Field of Science

Antibiotics & Agriculture Part 4: The Transfer of Antibiotic Resistance

The patient was in dire condition. A forty year old woman from Michigan, she had suffered badly from diabetes, kidney failure and a number of complications related to those diseases. Two years after she had started dialysis, disaster struck. She developed painful foot ulcers, and an infection in her leg that was so severe that the whole leg had to be amputated. What was worse was that immediately after the operation, her amputation wound became infected, with Staphylococcus aureus. In her only stroke of luck that day, the Staphylococcus aureus was susceptible to antibiotics. But the next year, the foot ulcers were back, and she required even more amputations, as well as treatments to prevent the bacterial infections causing these ulcers from becoming fatal.
The catheter that linked her blood to the hospital's dialysis machine, the replacement for her riven kidneys, provided Methicillin-Resistant Staphylococcus aureus with easy entry into her blood. There was only one antibiotic that could stop this MRSA infection. Vancomycin was given to the patient while the physicians removed the infected catheter. In its place, the physicians used a number of temporary catheters, to ensure that the patient could still use the dialysis machine.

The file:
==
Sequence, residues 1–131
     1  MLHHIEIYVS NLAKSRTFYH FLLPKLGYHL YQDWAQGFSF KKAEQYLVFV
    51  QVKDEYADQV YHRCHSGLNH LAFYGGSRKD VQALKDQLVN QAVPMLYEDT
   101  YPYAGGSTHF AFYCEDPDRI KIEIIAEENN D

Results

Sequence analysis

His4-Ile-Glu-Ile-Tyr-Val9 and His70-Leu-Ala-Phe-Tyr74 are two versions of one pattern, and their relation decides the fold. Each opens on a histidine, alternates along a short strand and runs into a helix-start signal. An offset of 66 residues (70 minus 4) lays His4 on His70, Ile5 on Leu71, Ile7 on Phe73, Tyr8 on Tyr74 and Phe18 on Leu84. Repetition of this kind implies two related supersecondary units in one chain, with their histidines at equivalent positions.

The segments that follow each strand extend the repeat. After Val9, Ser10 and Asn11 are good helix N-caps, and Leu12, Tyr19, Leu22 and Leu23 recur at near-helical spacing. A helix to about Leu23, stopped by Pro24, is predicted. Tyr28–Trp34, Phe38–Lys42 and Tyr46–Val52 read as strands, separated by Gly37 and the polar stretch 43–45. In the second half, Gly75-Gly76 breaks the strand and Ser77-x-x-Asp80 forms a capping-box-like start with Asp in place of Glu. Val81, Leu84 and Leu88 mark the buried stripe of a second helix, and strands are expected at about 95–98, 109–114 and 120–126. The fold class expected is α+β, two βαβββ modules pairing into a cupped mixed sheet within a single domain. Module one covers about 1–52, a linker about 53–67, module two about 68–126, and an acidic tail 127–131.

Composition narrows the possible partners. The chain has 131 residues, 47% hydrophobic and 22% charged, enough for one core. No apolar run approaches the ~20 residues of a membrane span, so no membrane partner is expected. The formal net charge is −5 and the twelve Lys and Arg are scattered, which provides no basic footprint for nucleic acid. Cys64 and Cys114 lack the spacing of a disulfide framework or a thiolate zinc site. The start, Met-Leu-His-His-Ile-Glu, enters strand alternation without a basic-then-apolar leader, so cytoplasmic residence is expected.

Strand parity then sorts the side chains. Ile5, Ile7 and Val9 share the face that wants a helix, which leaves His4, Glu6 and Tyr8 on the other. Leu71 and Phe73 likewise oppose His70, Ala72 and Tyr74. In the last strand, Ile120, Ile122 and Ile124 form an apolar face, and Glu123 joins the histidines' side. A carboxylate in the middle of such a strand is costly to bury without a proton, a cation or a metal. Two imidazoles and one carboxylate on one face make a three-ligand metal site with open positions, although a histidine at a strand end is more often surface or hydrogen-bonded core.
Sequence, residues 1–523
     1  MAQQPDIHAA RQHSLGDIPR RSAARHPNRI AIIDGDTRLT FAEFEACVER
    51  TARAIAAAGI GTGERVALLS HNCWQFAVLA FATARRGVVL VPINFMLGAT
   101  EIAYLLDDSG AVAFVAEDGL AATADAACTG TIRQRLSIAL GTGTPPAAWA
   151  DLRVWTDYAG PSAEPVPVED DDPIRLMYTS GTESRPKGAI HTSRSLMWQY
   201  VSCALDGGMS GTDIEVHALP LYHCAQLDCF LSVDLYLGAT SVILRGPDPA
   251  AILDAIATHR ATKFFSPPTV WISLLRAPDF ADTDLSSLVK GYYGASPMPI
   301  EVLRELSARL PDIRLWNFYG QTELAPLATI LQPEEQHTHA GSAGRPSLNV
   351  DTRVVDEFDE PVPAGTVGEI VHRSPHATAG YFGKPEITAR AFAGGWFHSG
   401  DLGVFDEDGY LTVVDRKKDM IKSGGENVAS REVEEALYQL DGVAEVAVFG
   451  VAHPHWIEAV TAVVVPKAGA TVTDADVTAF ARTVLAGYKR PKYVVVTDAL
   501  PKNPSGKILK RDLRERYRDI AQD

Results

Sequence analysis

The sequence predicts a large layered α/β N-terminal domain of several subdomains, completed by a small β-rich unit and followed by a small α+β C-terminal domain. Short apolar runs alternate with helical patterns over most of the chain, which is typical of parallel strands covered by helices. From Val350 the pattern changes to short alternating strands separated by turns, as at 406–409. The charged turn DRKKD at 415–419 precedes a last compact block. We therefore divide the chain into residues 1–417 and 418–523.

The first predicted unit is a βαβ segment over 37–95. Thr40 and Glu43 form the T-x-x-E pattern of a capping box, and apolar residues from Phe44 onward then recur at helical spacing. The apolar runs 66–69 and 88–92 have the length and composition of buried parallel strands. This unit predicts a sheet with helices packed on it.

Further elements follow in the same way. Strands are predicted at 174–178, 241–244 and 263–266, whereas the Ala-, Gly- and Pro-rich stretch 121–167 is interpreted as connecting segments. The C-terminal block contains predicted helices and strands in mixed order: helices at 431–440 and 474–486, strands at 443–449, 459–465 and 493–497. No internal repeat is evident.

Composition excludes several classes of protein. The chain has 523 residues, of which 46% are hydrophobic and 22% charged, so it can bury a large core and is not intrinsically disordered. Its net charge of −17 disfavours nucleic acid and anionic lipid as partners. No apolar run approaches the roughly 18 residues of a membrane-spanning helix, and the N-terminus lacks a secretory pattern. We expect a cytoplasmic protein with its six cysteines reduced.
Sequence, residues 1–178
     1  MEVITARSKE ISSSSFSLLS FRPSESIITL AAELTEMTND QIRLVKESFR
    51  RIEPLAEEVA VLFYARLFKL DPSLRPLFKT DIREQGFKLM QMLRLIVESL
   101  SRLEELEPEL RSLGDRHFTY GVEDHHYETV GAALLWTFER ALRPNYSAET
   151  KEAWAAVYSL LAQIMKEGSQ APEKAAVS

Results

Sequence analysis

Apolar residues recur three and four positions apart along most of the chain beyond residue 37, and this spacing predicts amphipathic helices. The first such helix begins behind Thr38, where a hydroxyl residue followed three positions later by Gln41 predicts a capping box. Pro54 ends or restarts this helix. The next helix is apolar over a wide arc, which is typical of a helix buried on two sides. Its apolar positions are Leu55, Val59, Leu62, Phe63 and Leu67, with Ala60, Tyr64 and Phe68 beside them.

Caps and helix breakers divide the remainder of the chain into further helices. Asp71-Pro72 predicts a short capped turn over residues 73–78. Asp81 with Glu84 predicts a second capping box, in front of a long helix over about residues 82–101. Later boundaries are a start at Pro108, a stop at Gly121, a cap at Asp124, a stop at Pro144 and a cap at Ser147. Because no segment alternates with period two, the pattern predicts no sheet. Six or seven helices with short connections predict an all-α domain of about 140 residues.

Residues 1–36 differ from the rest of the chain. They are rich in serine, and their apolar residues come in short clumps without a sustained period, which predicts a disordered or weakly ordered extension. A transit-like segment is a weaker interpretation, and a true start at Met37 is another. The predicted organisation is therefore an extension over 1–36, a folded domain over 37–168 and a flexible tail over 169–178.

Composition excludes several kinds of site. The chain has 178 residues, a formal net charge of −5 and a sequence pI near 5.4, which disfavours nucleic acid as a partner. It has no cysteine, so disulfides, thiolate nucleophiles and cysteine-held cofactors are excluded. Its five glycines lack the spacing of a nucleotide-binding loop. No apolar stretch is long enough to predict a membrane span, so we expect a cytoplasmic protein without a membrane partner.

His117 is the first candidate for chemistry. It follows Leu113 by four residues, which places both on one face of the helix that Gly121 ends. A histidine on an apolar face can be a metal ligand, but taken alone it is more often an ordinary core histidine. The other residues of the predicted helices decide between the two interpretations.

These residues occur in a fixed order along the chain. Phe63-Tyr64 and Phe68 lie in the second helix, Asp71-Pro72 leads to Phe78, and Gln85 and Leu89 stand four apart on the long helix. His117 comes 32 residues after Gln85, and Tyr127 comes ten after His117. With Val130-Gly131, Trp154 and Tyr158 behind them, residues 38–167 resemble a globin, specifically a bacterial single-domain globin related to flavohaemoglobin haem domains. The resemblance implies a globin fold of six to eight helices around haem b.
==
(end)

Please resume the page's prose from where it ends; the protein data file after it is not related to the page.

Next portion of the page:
But a number of these catheters also became infected. When the physicians examined these catheters, they realised that against all odds, things had taken a turn for the worse. They discovered that the Staphylococcus aureus on this catheter had been joined by Vancomycin resistant Enterococci. Now the Staphylococcus aureus were resistant to Vancomycin too.  They searched all of the possible options that could have lead to this situation, and it was the DNA evidence that revealed what had happened. The Vancomycin resistant Enterococci, commonly found in the community but rarely infectious, had given its resistance genes to MRSA.

This was the first of a series of outbreaks of VRSA that occurred in Michigan, and all of them had a similar theme. A person with an MRSA infection would spontaneously develop full blown resistance to vancomycin out of nowhere. The only commonality in all of these cases was the presence of vancomycin resistant Enterococci both before and during these cases. So how did vancomycin resistant Enterococci pass along their resistance to MRSA ?
The answer lies with DNA molecules known as plasmids.